It would be ideal if you could limit it to only deleted answers from low-rep users, but since that's apparently not an option this query will suffice. It's interesting to note that on most of the questions with a lot of deleted answers, the majority of the deleted answers come from non-low-rep (>100) users, and were deleted due to violating various policies (back up subjective answers with experience, don't advocate illegal activity or link to sites that engage in it, etc.), rather than anything that would get them auto-protected.

Looking at how long ago these answers had been protected:

1 had been protected in the last month, 33 had been protected less than 6 months ago, 94 had been protected less than a year ago.

195 had been protected 1-2 years ago, 216 2-3 years ago, 87 3-4 years ago, the remaining 128 were 4+ years

Keeping this in mind, in my opinion, it isn't clear that we have ever had more than a handful of questions that warranted protection. I see very little evidence of a volume of spam that is so high that we can't handle it through normal means like downvoting, flags, and deletion.

The way forward

What kind of policy should the site adopt in the future? How and when should we protect questions, and how and when should we unprotect them?

The following questions may help with discussion:

  • What is the purpose of protection on this site?
  • At what volume of spam should an answer be protected?
  • Should we pre-emptively protect answers?
  • Should we leave questions protected forever?
  • Should questions be reassessed after some time?
  • Should we fully repurpose protection for other goals (protecting questions with spam keywords for example)?
  • 7
    \$\begingroup\$ “I see very little evidence of a volume of spam that is so high that we can't handle it through normal means like downvoting, flags, and deletion.” — And protection. Protection is one of our normal means of dealing with spam. Its use as an anti-spam mechanism is built into the system itself. (Also, 195 questions isn't “more than a handful”?) \$\endgroup\$ Jul 20, 2020 at 9:33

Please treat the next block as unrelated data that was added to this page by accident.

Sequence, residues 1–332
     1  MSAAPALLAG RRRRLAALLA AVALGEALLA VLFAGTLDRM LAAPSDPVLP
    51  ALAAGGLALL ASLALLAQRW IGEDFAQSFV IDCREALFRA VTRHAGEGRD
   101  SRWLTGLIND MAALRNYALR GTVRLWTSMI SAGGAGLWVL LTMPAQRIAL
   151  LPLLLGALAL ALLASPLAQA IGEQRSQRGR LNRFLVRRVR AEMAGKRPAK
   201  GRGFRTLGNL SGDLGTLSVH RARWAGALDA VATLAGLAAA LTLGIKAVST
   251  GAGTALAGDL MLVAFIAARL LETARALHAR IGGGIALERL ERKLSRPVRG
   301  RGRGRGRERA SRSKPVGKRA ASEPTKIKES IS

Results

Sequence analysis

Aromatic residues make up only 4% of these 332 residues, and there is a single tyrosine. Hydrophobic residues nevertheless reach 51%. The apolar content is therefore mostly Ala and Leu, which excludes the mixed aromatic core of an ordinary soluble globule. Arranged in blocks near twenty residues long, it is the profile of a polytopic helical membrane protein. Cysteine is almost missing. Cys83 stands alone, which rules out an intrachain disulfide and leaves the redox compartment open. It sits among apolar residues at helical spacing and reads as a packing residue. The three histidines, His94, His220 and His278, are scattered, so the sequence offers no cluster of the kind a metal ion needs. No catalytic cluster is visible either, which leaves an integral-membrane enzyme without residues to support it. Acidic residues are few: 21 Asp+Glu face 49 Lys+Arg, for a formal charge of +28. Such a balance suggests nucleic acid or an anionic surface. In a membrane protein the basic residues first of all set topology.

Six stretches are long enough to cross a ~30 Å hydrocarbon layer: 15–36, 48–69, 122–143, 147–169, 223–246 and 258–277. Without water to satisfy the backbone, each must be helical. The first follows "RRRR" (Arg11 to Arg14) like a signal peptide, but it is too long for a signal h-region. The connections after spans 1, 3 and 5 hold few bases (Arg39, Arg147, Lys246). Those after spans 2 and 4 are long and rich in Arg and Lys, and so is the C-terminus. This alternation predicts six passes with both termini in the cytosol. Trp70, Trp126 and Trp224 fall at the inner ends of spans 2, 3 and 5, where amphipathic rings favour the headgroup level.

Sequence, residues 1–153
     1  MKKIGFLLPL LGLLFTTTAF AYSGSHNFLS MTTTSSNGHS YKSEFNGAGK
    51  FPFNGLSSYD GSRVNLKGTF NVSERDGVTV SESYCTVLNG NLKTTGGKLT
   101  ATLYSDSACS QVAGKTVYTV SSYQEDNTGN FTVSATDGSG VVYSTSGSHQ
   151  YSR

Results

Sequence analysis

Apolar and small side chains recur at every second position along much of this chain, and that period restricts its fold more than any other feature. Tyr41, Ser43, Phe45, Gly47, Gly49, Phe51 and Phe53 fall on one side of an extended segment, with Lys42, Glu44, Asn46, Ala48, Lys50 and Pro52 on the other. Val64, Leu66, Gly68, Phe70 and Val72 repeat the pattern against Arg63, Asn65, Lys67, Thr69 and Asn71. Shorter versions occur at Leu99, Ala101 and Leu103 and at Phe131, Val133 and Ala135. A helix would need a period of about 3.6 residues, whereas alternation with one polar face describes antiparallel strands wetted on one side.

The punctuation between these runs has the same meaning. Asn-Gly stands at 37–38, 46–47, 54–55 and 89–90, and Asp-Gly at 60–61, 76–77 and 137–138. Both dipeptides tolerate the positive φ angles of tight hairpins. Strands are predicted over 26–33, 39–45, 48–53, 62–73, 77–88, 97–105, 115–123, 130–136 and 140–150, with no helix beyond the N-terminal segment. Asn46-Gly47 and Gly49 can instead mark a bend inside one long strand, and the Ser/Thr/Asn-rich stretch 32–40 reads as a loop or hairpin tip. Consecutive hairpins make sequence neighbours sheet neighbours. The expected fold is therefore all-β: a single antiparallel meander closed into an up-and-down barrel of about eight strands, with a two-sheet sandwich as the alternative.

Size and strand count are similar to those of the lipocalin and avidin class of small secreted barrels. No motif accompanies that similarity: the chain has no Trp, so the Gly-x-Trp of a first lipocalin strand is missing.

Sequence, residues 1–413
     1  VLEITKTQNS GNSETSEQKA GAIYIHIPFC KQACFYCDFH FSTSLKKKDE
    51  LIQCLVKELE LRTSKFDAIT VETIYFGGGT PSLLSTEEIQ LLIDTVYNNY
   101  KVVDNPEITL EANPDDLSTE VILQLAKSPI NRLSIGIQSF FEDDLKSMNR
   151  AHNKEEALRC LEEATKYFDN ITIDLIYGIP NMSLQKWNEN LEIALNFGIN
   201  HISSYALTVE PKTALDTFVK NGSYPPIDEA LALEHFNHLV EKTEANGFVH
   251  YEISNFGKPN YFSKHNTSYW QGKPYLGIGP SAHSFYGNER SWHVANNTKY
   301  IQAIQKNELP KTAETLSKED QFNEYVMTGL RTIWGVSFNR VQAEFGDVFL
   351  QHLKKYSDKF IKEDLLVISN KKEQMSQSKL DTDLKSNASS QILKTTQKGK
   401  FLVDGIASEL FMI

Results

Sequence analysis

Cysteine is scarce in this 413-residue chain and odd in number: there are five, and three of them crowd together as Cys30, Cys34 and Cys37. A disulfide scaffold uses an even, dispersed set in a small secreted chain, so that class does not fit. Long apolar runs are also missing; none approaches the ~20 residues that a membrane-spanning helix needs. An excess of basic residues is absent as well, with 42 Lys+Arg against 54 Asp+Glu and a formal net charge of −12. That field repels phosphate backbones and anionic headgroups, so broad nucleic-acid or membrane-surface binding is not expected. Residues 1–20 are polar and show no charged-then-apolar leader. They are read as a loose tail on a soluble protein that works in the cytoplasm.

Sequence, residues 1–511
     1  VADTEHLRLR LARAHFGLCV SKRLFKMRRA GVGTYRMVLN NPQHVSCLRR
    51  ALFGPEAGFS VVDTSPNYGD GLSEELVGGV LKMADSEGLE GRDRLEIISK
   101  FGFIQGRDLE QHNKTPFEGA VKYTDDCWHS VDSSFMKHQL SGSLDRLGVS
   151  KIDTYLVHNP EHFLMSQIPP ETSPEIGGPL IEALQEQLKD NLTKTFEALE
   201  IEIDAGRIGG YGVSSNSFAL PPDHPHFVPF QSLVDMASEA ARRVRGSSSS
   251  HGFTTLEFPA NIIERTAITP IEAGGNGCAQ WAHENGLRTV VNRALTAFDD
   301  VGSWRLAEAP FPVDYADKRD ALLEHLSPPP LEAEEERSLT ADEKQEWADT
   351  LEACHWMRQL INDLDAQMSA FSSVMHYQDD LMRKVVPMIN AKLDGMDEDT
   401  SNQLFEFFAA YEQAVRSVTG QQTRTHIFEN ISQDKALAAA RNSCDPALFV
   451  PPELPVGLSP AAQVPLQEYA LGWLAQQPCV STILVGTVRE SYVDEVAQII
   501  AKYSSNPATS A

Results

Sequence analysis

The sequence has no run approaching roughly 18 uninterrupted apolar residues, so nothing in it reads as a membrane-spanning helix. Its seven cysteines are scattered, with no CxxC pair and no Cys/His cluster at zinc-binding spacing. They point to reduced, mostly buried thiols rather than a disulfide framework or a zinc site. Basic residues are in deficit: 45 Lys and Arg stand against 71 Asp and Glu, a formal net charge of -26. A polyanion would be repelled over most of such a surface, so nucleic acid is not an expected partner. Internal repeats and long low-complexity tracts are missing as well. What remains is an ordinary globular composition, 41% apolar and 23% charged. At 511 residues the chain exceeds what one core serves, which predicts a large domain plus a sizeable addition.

• 7
    \$\begingroup\$ @gszavae (aside from anything else) you have misunderstood doppelgreener. She protects a question after it has attracted a spam answer of a specific kind - the pattern is easily recognisable and once a question has seen one such answer the historical precedent is that it will continue to accumulate such answers if left unprotected. Mention of special keywords is a (well-informed) assumption about how these particular spam networks are identifying targets. I can see how this misunderstanding has happened, but you've got the wrong end of the stick. \$\endgroup\$
    – Carcer
    Jul 20, 2020 at 10:10
  • 11
    \$\begingroup\$ While we recognize the effort that went into writing this and welcome your participation in the conversation, due to the sensitivity of the topic the moderation team would like to take lead the conversation in this instance. This post has the potential to start the conversation out on the wrong foot and with the wrong focuses. We had planned to post a Meta for this purpose soon, so we're going to close this one. Once the new meta is opened we encourage you to contribute your productive insights there. \$\endgroup\$
    – linksassin Mod
    Jul 20, 2020 at 11:30
  • 1
    \$\begingroup\$ These comments are not the place to relitigate the issue. As linksassin's comment said: "This post has the potential to start the conversation out on the wrong foot and with the wrong focuses." That seems to be exactly what's happening. As such, I've cleaned up the subsequent comments and locked the comments on this post. We hope to post a Meta regarding guidelines/best practices on protection and unprotection soon, as linksassin said, but in the meantime, the comments here are not the place to argue about such actions. \$\endgroup\$
    – V2Blast
    Jul 21, 2020 at 0:06